Wednesday, September 09, 2009

"I want to be wanted...."

On Labor Day, the news on the job front all seemed to be around the jobless recovery; when we can expect to see jobless rates peak; the permanently unemployed/ unemployable...All dire, all dreary.

But just as I was about to summon up the  dream-couple specters of Joe Hill and Mother Jones, I came across a chirpy little piece in the Wall Street Journal entitled "How to Make Employers Want You".

Obviously, the article is aimed more at WSJ readers than it is at, say, assembly line workers at a GM Powertrain plant in Rustbelt, Michigan, but - truly - is there anyone reading the WSJ for whom this advice from a partner with Deloitte Consulting's Human Capital Group is a revelation?

"Candidates have to think deliberately about how their skills will fit."

For this reason, the most successful candidates target prospective companies carefully, using the Internet and their networks to learn about organizational culture, history, financial performance and recent news.

By the time the interview takes place, they are able to have an intelligent discussion about the value they bring to the position, and the employer can easily envision them starting tomorrow.

Say what?

You mean I can't use the question, "So, what exactly does your company do?" as an opening interview gambit?

Man, life is just unfathomably hard these days, isn't it?

As for that "intelligent discussion" stuff, I could be snarky and point out that it's actually hard to have an "intelligent discussion" if you never actually score an interview.

But that's where your network comes in.

Have one! Use one!

Ditto your skills and experience.

Have some! Use some!

If only I could think of advice of this caliber, why, I'd have a column in the WSJ. No one wants to read the musings of a poke-funner. They want good, practical, useful advice.

The column goes on to tell us that:

Attractive personal qualities are a service orientation and diversity.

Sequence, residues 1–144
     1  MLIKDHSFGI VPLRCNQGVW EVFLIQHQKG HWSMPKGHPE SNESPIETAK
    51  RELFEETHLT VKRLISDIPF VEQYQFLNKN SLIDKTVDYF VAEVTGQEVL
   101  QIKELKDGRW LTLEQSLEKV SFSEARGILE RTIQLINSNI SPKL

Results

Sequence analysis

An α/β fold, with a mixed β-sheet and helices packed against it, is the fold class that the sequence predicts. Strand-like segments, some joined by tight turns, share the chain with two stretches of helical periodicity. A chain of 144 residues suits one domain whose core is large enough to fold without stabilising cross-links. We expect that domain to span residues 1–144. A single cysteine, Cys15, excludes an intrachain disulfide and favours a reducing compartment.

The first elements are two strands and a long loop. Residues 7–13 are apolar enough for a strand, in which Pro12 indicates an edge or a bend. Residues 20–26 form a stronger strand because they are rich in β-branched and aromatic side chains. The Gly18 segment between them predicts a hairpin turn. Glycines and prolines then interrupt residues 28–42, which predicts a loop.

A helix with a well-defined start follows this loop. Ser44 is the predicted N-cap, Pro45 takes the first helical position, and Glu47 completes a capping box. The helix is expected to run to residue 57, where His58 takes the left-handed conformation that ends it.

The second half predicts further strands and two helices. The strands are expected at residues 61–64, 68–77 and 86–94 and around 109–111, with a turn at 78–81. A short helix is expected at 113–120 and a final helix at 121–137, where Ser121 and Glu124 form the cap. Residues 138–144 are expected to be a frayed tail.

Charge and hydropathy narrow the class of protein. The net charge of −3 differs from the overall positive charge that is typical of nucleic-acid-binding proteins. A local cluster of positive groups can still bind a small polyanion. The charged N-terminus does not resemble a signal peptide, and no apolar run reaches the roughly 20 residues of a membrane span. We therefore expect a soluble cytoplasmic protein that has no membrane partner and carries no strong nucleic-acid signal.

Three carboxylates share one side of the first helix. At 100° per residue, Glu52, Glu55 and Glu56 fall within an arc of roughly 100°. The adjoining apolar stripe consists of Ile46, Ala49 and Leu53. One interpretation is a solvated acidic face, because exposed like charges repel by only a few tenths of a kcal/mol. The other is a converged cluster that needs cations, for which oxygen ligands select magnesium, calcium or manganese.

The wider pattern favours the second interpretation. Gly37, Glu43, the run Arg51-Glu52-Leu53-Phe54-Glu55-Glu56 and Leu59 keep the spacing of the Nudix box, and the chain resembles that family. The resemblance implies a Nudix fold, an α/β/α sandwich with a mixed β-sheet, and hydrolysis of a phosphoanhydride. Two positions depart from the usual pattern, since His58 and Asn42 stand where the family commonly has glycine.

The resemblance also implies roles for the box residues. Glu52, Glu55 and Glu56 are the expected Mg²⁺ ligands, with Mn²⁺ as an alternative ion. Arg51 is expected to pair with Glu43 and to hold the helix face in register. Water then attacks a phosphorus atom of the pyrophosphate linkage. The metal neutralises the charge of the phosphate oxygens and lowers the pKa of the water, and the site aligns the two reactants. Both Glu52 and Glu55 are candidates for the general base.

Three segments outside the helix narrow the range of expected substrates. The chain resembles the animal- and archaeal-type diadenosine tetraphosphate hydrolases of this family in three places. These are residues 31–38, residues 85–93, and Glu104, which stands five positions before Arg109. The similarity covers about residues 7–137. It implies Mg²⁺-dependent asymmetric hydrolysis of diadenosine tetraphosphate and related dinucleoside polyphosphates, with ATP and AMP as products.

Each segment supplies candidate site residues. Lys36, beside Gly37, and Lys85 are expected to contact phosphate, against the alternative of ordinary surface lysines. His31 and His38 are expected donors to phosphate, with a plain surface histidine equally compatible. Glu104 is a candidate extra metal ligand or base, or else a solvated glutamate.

I get the "service orientation" (a.k.a., community involvement; see below), but I'm trying to wrap my bee-bee brain around how diversity is a personal quality.

Does this mean that you need a diversified c.v. - scholar! athlete! networker! multi-tasker! service orientator! Or that you're better off if you introduce some element of EEOC-style diversity into the workplace. And just how do you express this if the give-away isn't all that obvious. (Hey, you want diversity? My mother was born in Rumania. But she was not, alas, the queen. Just a little peasant girl who came through Ellis Island when she was almost four.)

When it comes to that community involvement, however, best not to fake it.

...if you have a legitimate interest in what the company is doing from a social-responsibility perspective, discuss that," Mr. [Jeff] Schwartz [of Deloitte again] recommends.

Those italics are mine, by the way. And I'll add even more value here by warning a job candidate that legitimacy is not achieved by reading on the company's website that their primo charitable outlet is the Society for the Preservation of the Praying Mantis, and announcing that, mirabile dictu, you've had a long-standing interest in the praying mantis. From a social responsibility perspective, this would be BS unless you actually did have some long-standing interest in the praying mantis. (No, watching one crawl up your arm in stoned fascination is not a long-standing interest. And - in real life - watch out for things like dropping bits like mirabile dictu into an interview. On the one hand, it speaks to an attractive personal quality, such as diversity - in that you're diverse enough to have taken Latin. On the other hand, 99.99% of those who have taken Latin are old fogies. Hiring an old fogy might be good for diversity, but - let's face it - having someone who remembers when Ike was president is not the type of diversity that anyone really wants around the workplace. So ix-nay on the mirabile dictu. And ix-nay on the ix-nay, while you're at it. There's something distinctly 23 skidoo-ish about Pig Latin. It's certainly in the same category as Latin-Latin, and may, in act-fay, be even worse. At least Latin-Latin has something a bit brainy and high tone going for it.)

But if you really want to get multiple job offers,

...nothing takes the place of demonstrating excitement about every firm you approach, and this enthusiasm should be expressed to everyone from the relative who is a company alum to the receptionist who greets you in the lobby.

No job?

'Don't mourn, organize' your network, résumé, community cred, and anything else you can think of that will make employers want you. (Duh?)

Demonstrate excitement! Be nice to the receptionist! Don't let the door hit your arse on the way out until you've expressed your enthusiasm about everything and everybody. Blow kisses! Bring donuts! (Better not: you don't want to appear self-indulgent or fattish.)

And, whatever you do, don't let on that you remember Brenda Lee singing, "I want to be wanted."

Talk about old fogey...

1 comment:

Anonymous said...

I agree that this is mostly obvious to the WSJ crowd. Or it should be. However, there are otherwise smart and previously accomplished people out there who send out the same resume they had in 1990, only use for job searching and have no idea what a network is.

So, I guess what I'm saying is, this is the kind of thing that bears repeating once in awhile, even if it's nothing terribly new or earth-shattering.